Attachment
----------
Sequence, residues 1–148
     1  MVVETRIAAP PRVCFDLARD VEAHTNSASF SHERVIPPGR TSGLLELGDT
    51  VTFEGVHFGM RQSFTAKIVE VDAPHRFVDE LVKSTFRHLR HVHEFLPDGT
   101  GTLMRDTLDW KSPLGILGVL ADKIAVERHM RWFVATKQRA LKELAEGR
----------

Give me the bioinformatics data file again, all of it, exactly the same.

Sequence, residues 1–148
     1  MVVETRIAAP PRVCFDLARD VEAHTNSASF SHERVIPPGR TSGLLELGDT
    51  VTFEGVHFGM RQSFTAKIVE VDAPHRFVDE LVKSTFRHLR HVHEFLPDGT
   101  GTLMRDTLDW KSPLGILGVL ADKIAVERHM RWFVATKQRA LKELAEGR